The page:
Citation: Person B. "Adverse Encounter: An Experience with MDMA (exp115598)". Erowid.org. Jul 29, 2021. erowid.org/exp/115598
|75 - 100 mg
||(powder / crystals)
| T+ 1:00
||25 - 50 mg
||(powder / crystals)
| T+ 48:00
||Tryptophan - 5-HTP
Adverse MDMA Encounter
My intention with this anecdotal report is to help spread awareness. I heard the founder and executive director of MAPS, Rick Roblin, speak recently that some of his research relies heavily on anecdotes due to the current challenge of conducting clinical trials. I had a very negative MDMA experience recently that I think could benefit research for safe drug use.
Person A and person B are romantic partners and decided to take MDMA and go to the park. This was something they had planned to do for several weeks. The purity of the MDMA was not in question. In fact, person B had personally taken the same batch before and had extremely positive results. With their "set and setting" greenlighted, dosing estimated one 75 - 100mg dose to begin with and another 25 - 50mg as a booster. Roughly the same doses were used by person B before.
15:00 - Ingestion of substance.
16:00 - No noticeable effects. A booster dose is taken.
16:30 - Both individuals begin to feel the effects.
17:30 - Positive experience for Person A ensues. Person B is feeling overwhelmed and anxious. Person B understands that sometimes the beginning of the MDMA experience can feel like this but generally it is short-lived.
18:00 - Person A is lying down. They are calm, at peace, and even mention that it is not very intense for them. Person B continues to pace around and feels restless. Waves of intensity pass over them and the feelings of anxiety perpetuate.
19:00 - Person A is feeling the effects slowly diminish. Person B stopped feeling waves and rushes of intensity and found themselves in a new headspace. This feeling is similar to the traditional positive MDMA headspace but without any of the magic. Person B feels empty and numb. This makes person B very worried because they are aware of the phenomenon of "losing the magic" and think that they have done serious damage to their brain chemistry.
20:00 - The effects for both individuals have worn off or are wearing off.
21:30 - Both individuals go to sleep.
The next day is a typical post MDMA experience for both individuals. Brain fog and fatigue are moderate and managed correctly with 9 hours of sleep the night prior, healthy foods, and low levels of activity. The day ends without any unusual experiences other than disappointment and confusion from Person B over why the experience lacked magic.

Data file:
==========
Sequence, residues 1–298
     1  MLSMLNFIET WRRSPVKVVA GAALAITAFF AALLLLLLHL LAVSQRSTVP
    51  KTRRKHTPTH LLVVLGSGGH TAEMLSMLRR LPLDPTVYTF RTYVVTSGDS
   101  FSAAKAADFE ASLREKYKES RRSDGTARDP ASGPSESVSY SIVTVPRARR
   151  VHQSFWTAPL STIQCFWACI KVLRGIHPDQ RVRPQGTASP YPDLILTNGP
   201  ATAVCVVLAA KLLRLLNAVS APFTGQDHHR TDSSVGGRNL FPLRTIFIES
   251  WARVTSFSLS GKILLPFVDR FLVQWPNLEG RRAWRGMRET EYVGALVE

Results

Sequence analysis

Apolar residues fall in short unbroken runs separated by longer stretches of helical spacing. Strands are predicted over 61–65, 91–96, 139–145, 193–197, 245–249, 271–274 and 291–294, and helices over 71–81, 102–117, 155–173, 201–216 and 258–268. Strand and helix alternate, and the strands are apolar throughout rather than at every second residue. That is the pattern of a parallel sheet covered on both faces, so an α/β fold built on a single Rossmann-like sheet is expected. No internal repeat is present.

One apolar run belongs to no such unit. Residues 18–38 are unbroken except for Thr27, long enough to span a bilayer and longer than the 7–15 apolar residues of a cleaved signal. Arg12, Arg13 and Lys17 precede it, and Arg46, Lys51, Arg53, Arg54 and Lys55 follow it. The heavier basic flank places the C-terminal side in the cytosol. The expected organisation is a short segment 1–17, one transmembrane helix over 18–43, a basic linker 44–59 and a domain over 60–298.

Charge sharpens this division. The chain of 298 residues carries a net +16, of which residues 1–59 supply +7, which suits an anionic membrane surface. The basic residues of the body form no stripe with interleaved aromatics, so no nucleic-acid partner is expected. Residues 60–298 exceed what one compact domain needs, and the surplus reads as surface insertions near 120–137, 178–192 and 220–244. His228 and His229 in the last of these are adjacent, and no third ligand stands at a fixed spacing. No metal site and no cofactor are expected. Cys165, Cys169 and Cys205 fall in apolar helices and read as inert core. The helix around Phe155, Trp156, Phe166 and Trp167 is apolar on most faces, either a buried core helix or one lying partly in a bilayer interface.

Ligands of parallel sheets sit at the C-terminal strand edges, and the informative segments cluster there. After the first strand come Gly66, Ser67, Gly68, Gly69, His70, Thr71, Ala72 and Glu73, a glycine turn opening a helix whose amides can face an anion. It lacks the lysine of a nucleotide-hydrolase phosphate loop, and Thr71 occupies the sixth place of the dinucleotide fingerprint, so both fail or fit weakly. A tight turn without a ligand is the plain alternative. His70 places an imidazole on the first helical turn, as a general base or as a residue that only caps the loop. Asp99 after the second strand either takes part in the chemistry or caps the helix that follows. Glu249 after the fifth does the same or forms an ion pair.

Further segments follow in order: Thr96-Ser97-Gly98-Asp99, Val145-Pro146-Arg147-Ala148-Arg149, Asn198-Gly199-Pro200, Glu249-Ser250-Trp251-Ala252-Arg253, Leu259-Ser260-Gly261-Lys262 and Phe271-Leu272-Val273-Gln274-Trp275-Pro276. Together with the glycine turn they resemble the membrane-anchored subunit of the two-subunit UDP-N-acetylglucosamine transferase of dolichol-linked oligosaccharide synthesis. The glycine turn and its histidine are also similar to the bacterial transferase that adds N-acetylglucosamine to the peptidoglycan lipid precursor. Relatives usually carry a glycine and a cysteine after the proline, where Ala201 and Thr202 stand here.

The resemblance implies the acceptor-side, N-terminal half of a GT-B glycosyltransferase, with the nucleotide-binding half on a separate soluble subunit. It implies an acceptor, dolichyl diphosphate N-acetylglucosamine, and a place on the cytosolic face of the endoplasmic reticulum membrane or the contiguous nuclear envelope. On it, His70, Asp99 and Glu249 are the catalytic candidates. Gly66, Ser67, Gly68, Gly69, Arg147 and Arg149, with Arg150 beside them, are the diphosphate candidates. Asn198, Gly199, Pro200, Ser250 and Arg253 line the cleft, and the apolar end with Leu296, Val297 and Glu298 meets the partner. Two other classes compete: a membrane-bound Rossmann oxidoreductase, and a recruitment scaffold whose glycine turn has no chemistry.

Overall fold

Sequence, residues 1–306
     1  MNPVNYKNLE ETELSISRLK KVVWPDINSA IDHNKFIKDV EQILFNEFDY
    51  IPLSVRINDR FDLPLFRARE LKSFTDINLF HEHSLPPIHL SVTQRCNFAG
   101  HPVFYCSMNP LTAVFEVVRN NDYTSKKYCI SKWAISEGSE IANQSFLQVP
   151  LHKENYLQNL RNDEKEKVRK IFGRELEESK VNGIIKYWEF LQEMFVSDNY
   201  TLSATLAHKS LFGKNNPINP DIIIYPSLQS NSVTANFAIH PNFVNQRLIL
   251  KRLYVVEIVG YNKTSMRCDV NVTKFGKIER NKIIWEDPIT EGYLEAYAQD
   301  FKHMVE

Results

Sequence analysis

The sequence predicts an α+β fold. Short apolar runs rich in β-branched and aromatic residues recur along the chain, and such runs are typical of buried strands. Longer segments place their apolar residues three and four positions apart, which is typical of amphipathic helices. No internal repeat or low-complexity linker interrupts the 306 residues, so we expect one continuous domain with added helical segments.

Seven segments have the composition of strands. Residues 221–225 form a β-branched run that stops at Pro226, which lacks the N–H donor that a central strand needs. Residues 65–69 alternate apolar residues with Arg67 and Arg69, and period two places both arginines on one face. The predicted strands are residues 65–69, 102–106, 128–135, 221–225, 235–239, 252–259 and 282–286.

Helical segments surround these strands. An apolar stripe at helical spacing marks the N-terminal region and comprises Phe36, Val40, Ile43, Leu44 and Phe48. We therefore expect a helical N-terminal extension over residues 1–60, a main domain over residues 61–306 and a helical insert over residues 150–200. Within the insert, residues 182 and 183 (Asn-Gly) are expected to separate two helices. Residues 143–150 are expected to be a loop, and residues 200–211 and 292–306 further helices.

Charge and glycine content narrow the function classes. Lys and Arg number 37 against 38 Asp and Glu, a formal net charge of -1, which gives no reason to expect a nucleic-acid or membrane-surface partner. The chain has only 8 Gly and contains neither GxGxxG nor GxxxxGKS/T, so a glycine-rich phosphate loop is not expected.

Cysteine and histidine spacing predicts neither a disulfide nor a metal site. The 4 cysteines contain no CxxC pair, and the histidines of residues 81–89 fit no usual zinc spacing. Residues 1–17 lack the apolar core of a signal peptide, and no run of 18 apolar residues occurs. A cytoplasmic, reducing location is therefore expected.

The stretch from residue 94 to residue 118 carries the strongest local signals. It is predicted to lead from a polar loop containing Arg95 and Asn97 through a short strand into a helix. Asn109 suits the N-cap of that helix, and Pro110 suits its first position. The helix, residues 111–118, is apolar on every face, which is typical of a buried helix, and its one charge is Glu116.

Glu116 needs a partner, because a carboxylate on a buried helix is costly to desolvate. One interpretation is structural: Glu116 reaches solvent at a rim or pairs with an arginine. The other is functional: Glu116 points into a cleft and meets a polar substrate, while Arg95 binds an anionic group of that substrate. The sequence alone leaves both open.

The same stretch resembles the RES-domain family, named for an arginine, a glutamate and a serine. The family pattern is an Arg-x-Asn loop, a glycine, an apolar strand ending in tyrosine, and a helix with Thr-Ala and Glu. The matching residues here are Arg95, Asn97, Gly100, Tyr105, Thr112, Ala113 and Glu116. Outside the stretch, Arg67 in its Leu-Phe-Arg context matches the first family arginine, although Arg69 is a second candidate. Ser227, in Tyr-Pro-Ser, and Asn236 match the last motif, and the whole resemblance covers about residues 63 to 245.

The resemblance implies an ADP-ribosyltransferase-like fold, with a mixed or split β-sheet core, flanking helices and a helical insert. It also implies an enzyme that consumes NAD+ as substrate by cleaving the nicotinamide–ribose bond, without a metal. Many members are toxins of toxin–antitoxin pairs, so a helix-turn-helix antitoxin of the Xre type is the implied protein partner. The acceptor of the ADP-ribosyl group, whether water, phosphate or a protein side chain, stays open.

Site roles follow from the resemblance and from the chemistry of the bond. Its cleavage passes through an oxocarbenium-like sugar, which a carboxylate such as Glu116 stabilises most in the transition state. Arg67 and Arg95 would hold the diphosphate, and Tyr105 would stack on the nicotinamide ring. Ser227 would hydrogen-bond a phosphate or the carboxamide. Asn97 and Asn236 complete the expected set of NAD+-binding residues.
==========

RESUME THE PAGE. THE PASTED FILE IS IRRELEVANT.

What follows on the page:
- Ingestion +40hrs: Person A feels back to normal. Person B is experiencing very high levels of irritability, distress, and anxiety that are very difficult to manage. These symptoms continue throughout the day.
- Ingestion +64hrs: Person B still feels irritable and very anxious for the morning hours. This experience dissipates and is replaced by heavy brain fog and an unprecedented feeling of emptiness.
- Ingestion +88hrs: Levels of anxiety for person B have reduced but the feeling of depression had increased. This feeling is sustained for a subsequent seven days (247 hours after ingestion).
After 10 days, person B begins to feel more like normal but notices that there still remains a lingering numbness. They smile infrequently, seldom feel happy, and cannot cry (Person B is uncertain whether or not this is a result of the MDMA experience).
Person B considers themself a responsible drug user. They are familiar with psychedelic literature and have previous experiences with marijuana, psilocybin, LSD, and ayahuasca. Person B has had challenging experiences with substances before but never an experience that was so negative physically and emotionally. Nor has person B ever experienced sustained adverse effects for such a long duration afterward. Person B speculates that the reason the experience was so negative was that they consumed a similar dose of MDMA four weeks prior which gave them insufficient time to recover.
Additionally, is important to note that the total number of MDMA experiences for Person B is six within a six-year period. Person B considers themselves mentally healthy and has never been diagnosed with anxiety or depression. Mental illnesses such as schizophrenia or bipolar disorder do not run in their family. Person B is physically healthy, exercises regularly, and consistently eats a healthy diet. They were well hydrated before, during, and after the MDMA experience and did not consume any supplements, medications, or substances before or during the MDMA experience. Person B started to take a 5htp supplement 48hrs after the experience but did not notice any benefits.
Update 7 weeks after the experience:
Person B is feeling much better. They have much more energy and feel back to normal but reflect on the experience as deeply negative and arguably traumatic.
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